Here’s a bit of background on Siem, who seems armor plated against such rudeness from some American hack. It’s from Wickham Boyle’s blog wixboyle.wordpress.com at http://wixboyle.wordpress.com/2012/07/02/music-man-violinist-charlie-siem-plays-the-heartstrings-of-the-fashion-world/:
IF MUSIC IS THE FOOD OF LOVE, may Charlie Siem play on. A one-man argument that there is an instrument sexier than the saxophone, Siem has managed to bridge the classical world with the cutting edge. He has played with the London Symphony Orchestra—with whom he recently released his third recording—and he’s performed with Roger Daltrey, Pete Townshend and Boy George. He’s privately serenaded the likes of Lady Gaga, Patti LaBelle and theoretical physicist Stephen Hawking, and he’s the face (and body) of the British fashion house Dunhill.
Not bad for a 25-year-old whose instrument of seduction is a circa 1735 Guarneri del Gesu d’Eguille violin.
Siem, who was educated at Eton and Oxford, remembers being 3 years old and hearing his first Beethoven violin concerto on the radio. The London native begged his parents to learn to play, and he has never looked back. He rakishly describes the relationship with his violin as one with a lover: “She is an intense mistress. My life is consumed by playing the violin. It requires unending attention from me, and I so happily give it. Day in and day out, for now it is the most rewarding relationship in my life.”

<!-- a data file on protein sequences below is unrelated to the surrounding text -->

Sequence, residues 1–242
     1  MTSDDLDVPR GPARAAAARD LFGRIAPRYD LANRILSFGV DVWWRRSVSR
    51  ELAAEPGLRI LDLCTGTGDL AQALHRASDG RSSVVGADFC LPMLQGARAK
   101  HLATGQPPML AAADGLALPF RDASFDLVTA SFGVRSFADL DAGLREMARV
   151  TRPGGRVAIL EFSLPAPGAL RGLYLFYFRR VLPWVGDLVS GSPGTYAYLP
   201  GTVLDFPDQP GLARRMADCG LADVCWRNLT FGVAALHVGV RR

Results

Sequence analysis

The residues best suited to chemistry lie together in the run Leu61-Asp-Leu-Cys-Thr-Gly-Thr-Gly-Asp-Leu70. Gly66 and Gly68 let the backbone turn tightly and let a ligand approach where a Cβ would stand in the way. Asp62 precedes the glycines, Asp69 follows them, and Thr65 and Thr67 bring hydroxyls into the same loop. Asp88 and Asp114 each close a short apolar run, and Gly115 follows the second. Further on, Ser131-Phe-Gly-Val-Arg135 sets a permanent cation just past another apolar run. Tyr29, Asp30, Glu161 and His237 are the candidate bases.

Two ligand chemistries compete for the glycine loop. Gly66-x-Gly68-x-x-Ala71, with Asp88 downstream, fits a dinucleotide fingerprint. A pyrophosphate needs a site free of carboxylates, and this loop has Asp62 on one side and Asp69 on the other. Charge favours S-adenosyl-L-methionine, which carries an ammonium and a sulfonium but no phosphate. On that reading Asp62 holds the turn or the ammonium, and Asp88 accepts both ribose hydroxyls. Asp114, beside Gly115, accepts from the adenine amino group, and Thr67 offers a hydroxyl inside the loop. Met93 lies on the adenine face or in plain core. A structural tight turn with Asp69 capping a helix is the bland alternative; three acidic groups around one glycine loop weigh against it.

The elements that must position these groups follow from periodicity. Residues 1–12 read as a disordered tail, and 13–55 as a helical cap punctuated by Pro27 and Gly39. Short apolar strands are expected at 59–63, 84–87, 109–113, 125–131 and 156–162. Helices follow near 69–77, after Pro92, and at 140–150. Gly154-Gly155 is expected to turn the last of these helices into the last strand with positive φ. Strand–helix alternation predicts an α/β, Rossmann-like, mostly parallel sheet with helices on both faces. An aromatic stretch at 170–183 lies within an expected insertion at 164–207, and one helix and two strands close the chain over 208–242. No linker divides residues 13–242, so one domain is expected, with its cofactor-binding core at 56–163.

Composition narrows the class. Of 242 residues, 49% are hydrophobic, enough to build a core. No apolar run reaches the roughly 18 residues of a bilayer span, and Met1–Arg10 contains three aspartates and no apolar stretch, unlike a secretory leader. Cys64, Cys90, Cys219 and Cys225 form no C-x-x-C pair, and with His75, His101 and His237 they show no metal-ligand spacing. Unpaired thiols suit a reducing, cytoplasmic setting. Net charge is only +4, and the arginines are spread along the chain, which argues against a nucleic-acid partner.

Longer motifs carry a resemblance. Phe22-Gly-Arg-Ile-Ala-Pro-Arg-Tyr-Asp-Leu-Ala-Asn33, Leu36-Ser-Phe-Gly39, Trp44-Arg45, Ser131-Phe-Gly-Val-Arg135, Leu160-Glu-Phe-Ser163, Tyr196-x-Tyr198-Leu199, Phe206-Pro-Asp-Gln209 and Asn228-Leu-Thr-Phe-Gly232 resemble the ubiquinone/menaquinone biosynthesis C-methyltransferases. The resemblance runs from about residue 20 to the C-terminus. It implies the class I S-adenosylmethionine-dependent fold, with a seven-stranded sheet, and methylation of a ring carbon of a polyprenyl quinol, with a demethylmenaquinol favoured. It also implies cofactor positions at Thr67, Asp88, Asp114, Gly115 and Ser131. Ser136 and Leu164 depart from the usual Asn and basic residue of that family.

Which isn’t to say Siem doesn’t dabble here and there. After meeting the fashion photographer Mario Testino, he was asked to play at a book party for supermodel Kate Moss. “I went and played Paganini’s Caprice, and as luck would have it the casting agent from Dunhill was at the party. He asked me to do the campaign and that’s it. Really, it’s random.”
Perhaps random if you look like that. Yet Siem seems unfazed by the notoriety in his native England, thanks to what he calls a “watertight mind.” Siem explains, “It’s basically the idea that you don’t let anything creep in to corrupt. The slightest little drop of water will creep in and ruin the entire temple. All it takes is the glimmer of a doubt to creep in and ruin the entire project. You seal up your mind so that you don’t let insecurities or personal issues ruin the overall well-being.”
Siem has faced criticism for his theatrical playing style, which he calls “the virtuosic side of the violin,” but it is wrought from endless practice. “I am at the beginning of my career where you develop your technique and add tools,” he says humbly. But his modesty masks a determination that would make the most ambitious pop star proud: Inside his violin case is a photograph of the eyes of a tiger, which remind him to stay the course.
“They are a metaphor for me as a performer dealing with pressure. Just see the eyes of the tiger,” he says. “Go to the edge of risk. When you feel at your most challenged is when you will do your very best. It is the challenge to overcome your biggest fears, which are also your biggest desires.”
The well educated Siem and his “watertight mind” seems unlikely to be disturbed by Wolfe’s broadside, and one begins to see what might be the problem here. If Siem is a rock star as well as a classicist and his style is “theatrical” one can imagine a purist classical critic finding his approach distasteful, and ignoring the fact that the Romantic era is not so long ago.
It may even be time for its comeback, given the increasing sterility of relationships via digital media.